- Just 31% of HR leaders in a Gartner survey said their organization has the kind of culture it needs. With companies investing on average $2,000 annually per employee on culture initiatives, CEOs should partner with CHROs to drive culture change that's embedded in business objectives, Gartner said.
- According to Gartner, discussions between CEOs and CHROs must address cultural tension, which occurs when employees don't know how to handle issues that seem conflicting in their daily work. For culture to be taken as a serious business imperative, leaders must also get an honest view of their company's culture from employees' experiences and be transparent about what they will seek to monitor, in turn. Gartner suggests establishing model behaviors that reflect how culture is communicated and carried out.
- To get leaders to focus on the operations segment of cultural role modeling, CEOs should "treat leaders' responsibility to drive culture the same way they treat other business activities," Gartner said in the study.
Gartner's managing VP, Bryan Kurey, commented on the importance of culture driving business strategy and its limitations in a media statement: "Investors, regulators, and prospective and current employees all expect leaders to be responsible and accountable for their organization's culture. And CEOs need the culture to actually drive business strategy and results. But culture initiatives don't automatically return the investment."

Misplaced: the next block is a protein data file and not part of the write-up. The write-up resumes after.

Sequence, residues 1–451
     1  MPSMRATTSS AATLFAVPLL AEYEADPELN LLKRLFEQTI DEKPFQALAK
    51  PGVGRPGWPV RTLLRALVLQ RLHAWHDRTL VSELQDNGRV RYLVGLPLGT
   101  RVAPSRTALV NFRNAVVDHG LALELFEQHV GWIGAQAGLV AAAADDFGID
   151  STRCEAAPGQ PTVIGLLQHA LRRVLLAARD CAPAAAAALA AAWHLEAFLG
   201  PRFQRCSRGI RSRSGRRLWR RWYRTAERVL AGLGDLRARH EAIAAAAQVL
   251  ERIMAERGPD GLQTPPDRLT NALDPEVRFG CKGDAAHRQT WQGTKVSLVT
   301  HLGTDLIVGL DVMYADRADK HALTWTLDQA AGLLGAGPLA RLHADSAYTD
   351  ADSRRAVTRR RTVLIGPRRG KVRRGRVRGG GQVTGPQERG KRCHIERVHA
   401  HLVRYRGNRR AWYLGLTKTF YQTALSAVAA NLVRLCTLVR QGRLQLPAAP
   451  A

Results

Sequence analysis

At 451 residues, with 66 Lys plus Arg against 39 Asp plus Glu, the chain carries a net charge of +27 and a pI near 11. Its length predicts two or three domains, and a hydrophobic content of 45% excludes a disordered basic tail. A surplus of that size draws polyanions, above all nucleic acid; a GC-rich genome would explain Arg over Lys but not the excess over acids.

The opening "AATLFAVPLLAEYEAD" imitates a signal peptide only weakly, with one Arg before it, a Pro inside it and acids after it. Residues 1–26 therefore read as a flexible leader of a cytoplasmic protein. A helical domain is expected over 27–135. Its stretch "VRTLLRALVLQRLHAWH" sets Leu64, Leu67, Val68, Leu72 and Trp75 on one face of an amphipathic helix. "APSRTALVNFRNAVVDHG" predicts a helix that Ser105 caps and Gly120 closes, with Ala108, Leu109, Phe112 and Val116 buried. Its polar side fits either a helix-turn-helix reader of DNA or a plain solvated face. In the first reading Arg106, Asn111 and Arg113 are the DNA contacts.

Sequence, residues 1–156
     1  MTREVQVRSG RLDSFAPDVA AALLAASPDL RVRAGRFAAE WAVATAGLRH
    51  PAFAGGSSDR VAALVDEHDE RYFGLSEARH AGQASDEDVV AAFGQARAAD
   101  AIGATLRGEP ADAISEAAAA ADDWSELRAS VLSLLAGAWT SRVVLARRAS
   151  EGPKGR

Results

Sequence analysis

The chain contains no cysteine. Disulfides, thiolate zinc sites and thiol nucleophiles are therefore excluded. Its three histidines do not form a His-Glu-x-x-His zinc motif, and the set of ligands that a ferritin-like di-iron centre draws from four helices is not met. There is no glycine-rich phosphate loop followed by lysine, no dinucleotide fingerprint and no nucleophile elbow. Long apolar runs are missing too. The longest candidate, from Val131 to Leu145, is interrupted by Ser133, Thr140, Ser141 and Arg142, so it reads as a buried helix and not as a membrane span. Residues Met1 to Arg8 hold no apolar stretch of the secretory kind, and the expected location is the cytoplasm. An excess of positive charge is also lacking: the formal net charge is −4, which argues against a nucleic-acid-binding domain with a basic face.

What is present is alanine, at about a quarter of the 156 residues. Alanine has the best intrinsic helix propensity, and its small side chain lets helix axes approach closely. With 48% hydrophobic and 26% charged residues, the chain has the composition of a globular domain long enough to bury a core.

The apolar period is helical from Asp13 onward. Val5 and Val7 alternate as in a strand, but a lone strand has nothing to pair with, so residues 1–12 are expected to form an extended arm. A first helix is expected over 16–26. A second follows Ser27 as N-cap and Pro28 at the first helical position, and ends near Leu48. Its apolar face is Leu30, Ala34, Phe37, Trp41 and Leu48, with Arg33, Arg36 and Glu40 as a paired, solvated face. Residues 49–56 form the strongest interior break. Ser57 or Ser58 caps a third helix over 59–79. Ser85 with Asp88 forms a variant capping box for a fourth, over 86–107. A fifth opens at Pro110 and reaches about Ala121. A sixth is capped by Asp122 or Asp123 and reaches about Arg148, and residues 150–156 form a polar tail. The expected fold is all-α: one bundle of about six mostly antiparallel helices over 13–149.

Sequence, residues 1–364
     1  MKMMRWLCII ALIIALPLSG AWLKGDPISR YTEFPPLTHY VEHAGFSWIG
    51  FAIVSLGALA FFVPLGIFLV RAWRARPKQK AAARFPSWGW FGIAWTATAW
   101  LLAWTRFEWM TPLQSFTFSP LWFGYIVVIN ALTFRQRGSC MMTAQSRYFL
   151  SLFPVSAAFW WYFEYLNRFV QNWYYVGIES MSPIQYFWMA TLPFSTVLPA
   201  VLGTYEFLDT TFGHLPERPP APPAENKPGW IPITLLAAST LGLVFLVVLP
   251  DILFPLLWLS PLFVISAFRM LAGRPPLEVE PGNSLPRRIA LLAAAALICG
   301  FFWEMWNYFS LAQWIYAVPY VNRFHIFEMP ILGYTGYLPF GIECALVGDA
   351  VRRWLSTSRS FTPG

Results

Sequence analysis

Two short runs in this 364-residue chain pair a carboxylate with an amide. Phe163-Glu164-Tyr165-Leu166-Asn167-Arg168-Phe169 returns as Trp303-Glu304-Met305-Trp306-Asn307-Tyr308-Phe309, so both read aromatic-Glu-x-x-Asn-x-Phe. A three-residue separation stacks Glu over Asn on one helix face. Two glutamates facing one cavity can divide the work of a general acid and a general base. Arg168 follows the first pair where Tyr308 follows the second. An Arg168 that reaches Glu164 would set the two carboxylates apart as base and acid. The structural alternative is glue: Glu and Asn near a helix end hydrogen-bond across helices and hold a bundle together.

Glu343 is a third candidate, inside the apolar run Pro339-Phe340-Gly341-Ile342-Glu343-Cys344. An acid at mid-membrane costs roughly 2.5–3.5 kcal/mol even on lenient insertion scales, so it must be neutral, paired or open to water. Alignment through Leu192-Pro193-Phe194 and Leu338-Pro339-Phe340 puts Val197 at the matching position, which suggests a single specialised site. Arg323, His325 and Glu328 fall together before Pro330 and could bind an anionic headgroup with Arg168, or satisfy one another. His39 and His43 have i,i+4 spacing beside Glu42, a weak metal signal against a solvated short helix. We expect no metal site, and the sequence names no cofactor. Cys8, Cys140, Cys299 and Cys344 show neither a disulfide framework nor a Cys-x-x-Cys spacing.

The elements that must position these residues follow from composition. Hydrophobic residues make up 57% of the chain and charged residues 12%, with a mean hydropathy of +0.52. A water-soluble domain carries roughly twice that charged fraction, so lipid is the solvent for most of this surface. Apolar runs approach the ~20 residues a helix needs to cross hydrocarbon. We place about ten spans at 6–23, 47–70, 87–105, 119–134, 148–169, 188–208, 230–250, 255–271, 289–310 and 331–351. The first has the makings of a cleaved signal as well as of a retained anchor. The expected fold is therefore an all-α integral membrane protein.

Experts agree that culture is more than an atmosphere that makes stakeholders feel fuzzy feelings. Organizations must decide on the kind of culture they want to have and maintain, while making sure it meets business outcomes. Barbara Porter, now managing director at EY, previously explained to HR Dive why culture must be aligned with business objectives: "For so long, people thought [culture] was about the soft, emotional stuff; making people happy. If you're just focused on making people happy, you will lose money and go out of business."
Culture was at the heart of the 2019 Society for Human Resource Management Annual Conference mission statement — and while the conference used inspirational language to discuss the importance of culture, SHRM President and CEO Johnny C. Taylor Jr. emphasized that HR must talk about culture with business strategy in mind. That way, CEOs recognize the strategic advantage of giving resources to HR initiatives.